MCTs are small molecules, and our bodies can process them as energy more easily than other forms of saturated fats. Thus, these fats have actually been linked to weight loss, increased energy, and improved endurance.

Though the word fat is intimidating, it’s important to remember that not all fats are bad. In fact, the fat in coconut milk can give you a slow-burning energy reserve that will last hours! However, like all high-calorie foods, consuming coconut milk in moderation is best.

Nutrition in Comparison: Coconut Water vs. Coconut Milk

Pure coconut water, which contains about 45 calories and 8.8 grams of carbohydrates per serving, is also fat-free. This makes the juice a healthier choice for daily hydration. 

The electrolyte boost that coconut water provides in tandem with its high water content is why coconut water packs such a punch as a hydrating beverage! For this reason, coconut water is commonly used as the main ingredient in health-focused, natural electrolyte drinks.

Coconut milk, by comparison, has 30 calories per tablespoon. In addition, the fat content of coconut milk is significant at 3.2 grams per ounce, as compared to 0 grams of fat in coconut water.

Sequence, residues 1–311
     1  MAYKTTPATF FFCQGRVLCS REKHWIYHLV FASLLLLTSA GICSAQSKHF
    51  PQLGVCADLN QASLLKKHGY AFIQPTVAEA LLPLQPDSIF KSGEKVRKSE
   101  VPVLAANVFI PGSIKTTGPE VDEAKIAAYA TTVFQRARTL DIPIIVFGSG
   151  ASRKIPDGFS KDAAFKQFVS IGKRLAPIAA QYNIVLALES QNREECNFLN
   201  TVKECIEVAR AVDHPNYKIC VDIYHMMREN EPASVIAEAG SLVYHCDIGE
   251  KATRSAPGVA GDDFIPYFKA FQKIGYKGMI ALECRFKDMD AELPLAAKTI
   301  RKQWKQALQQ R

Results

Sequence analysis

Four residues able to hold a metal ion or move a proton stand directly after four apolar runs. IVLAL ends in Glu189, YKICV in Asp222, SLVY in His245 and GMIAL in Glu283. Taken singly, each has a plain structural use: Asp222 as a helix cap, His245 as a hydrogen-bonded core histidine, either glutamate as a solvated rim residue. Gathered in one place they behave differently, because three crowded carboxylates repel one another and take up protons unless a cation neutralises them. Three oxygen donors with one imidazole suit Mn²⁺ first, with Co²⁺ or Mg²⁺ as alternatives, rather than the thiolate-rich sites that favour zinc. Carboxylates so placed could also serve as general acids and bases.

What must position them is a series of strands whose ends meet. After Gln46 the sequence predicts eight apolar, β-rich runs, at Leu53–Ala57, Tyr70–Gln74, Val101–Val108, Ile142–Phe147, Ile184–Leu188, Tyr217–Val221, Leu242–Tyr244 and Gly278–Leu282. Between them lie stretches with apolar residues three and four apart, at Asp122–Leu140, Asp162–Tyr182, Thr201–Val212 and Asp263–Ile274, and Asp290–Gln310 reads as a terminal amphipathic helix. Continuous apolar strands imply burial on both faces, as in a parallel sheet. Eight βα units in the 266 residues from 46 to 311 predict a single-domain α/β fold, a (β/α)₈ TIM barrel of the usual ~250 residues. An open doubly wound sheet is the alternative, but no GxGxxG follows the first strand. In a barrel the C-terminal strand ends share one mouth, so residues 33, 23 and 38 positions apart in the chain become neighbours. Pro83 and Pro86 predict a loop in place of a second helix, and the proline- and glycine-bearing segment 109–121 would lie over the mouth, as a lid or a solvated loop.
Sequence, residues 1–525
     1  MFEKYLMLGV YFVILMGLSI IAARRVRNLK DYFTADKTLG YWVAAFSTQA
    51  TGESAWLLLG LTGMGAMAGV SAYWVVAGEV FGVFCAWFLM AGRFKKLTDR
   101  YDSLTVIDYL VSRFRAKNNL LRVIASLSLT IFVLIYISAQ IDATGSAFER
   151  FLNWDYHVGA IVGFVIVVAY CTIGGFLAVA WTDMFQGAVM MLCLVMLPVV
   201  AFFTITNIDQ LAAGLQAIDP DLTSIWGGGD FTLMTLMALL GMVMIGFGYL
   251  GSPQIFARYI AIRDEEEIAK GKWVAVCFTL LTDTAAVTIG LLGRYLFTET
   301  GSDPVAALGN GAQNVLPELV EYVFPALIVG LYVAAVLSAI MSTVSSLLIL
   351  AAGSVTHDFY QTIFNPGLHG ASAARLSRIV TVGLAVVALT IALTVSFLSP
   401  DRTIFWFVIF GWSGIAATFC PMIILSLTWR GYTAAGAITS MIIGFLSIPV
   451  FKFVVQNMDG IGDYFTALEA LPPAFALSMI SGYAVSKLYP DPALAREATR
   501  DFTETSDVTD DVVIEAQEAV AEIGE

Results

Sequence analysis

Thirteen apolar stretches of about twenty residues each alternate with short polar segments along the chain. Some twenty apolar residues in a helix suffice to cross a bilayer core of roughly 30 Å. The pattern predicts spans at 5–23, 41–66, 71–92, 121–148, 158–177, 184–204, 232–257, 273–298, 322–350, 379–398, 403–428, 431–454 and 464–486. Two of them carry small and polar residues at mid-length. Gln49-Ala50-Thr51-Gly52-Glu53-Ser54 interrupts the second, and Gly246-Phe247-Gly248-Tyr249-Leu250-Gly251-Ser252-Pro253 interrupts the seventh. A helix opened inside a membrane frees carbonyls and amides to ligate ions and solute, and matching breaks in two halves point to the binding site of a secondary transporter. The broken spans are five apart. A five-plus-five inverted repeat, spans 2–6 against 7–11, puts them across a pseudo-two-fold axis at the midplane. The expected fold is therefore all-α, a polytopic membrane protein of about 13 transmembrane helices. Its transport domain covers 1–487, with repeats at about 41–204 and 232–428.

However, it’s important not to let these facts scare you into writing off coconut milk! Fats–in moderation, of course–are an important part of a healthy diet, and the medium-chain triglycerides in coconut milk serve their own purpose in the body. 

Both coconut water and coconut milk are great sources of necessary vitamins and minerals. 

All in all, coconut water and coconut milk have significantly different nutritional benefits. Because of this, they should be used in very different ways. But when incorporated in appropriate serving sizes and contexts, both of these substances can be a beneficial addition to your diet.

What is Coconut Water Used For?

The primary use for coconut water is as a hydrating beverage. The high water content and variety of electrolytes that occur naturally in coconut water make it a great way to rehydrate. 

However, to ensure that you are getting the hydration benefits without compromising your health, double-check that the coconut water you choose has no added sugar. Sweetened coconut water, though popular, has more than double the amount of sugar than unsweetened coconut water on average.

Athletes may choose to drink coconut water or a coconut-water-based sports drink after exercise instead of a sugar-filled, artificially flavored electrolyte drink. 

Coconut water is great for lactation as an all-natural way for nursing moms to stay hydrated. And for people recovering and rehydrating after gastrointestinal illness, coconut milk is a mild and stomach-friendly way to ingest electrolytes and water.